Hey! Jesus could have stopped right there. Take this suffering away. Take the cup of death away. Take the terrible pain and ordeal away. Away with this. Away with that. So help me God.

We all know how Jesus continues on.

....... ; yet not my will, but yours be done.” (Luke 22:42b)

This completes what a Christlike prayer is about. It is never about self-interest. It is never about worldly interest. It is all about God’s will. Asking God to take away the cup shows Christ’s humanity. Yielding to God’s will shows Christ’s humility. Readiness to do what pleases God proves Christ’s whole-hearted obedience.

POINT: Full-way prayers are not about ignoring self-needs. It is about putting self-needs within a bigger picture of God's will.

D) A Sample Full-way Prayer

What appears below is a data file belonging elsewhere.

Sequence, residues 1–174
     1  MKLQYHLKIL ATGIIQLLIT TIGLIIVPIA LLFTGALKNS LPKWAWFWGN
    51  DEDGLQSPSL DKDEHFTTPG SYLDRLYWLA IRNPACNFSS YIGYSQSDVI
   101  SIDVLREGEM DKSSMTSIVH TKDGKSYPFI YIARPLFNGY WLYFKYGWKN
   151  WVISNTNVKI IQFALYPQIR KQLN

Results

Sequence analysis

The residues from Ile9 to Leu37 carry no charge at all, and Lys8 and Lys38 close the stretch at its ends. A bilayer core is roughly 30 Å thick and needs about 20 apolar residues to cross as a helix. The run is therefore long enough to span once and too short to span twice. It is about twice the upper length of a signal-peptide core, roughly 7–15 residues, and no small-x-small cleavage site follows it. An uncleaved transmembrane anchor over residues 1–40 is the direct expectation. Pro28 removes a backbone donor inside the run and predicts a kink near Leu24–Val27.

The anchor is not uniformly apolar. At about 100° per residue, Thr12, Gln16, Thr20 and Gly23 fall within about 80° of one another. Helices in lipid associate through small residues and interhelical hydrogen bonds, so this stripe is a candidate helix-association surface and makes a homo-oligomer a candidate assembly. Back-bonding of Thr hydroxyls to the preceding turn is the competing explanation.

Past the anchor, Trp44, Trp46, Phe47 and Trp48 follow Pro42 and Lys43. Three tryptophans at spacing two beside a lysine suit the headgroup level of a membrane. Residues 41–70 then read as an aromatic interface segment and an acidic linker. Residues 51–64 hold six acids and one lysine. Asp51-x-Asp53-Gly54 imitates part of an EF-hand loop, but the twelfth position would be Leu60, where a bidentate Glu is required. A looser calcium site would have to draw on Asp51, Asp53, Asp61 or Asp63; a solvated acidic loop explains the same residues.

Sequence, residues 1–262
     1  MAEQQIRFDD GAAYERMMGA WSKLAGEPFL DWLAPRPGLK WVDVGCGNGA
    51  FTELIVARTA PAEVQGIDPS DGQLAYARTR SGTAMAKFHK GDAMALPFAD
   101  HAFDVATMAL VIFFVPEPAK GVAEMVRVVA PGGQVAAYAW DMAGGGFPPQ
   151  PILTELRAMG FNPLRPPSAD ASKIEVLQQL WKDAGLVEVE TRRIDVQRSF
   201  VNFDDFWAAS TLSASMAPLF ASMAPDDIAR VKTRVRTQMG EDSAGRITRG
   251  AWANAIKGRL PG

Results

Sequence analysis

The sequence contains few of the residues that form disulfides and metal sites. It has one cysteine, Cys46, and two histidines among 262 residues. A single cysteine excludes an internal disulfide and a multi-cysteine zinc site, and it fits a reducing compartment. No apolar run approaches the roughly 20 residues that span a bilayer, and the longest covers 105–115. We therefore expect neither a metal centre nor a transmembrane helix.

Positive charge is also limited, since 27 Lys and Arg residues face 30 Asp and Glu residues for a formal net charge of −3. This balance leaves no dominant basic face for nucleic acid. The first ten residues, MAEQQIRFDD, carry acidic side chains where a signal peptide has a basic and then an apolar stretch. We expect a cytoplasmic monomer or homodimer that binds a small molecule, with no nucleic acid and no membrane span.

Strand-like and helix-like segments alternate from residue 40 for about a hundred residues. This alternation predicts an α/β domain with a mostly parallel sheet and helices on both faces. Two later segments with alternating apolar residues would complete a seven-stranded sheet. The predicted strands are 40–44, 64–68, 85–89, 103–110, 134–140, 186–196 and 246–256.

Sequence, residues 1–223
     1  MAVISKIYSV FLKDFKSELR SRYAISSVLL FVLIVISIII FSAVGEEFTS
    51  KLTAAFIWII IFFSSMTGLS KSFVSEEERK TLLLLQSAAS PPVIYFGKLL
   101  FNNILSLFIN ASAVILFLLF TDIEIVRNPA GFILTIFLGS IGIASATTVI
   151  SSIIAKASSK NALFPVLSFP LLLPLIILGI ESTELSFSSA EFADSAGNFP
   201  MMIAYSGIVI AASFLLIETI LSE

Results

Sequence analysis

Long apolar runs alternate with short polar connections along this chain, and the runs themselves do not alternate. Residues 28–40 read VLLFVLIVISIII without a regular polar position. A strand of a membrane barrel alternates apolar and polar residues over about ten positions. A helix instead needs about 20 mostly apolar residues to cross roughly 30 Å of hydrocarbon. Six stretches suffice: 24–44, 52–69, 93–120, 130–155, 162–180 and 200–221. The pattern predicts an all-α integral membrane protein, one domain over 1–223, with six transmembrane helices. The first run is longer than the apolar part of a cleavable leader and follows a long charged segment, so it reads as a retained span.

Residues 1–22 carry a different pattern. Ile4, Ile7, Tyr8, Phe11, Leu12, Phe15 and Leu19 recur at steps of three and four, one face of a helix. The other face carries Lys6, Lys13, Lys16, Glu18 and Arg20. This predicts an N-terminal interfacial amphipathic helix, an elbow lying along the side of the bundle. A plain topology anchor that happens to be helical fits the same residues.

Halfway prayers tend to be overwhelmingly oriented toward one end. They are so earthly minded that they lack heavenly focus. The same is also true of the other end. There are people who are so heavenly minded that they lack earthly compassion. Both extremes are to be avoided. Jesus in John 17 prays not only for the will of God to be done on earth, he too prays for the will of God to be done in heaven as well. His eyes are on both the people as well as on God. He is mindful not just of what the people claim they need, but also what they truly need. In our halfway prayers, we tend to be so focused on the temporal that we are prepared to forsake the permanent. Just like Esau who gave up his birthright just to obtain temporary pleasure of stew to satisfy the self. Or King Saul who rushed the sacrifice and disobeyed the instructions from the prophet Samuel, simply because his eyes are not on God, but on self.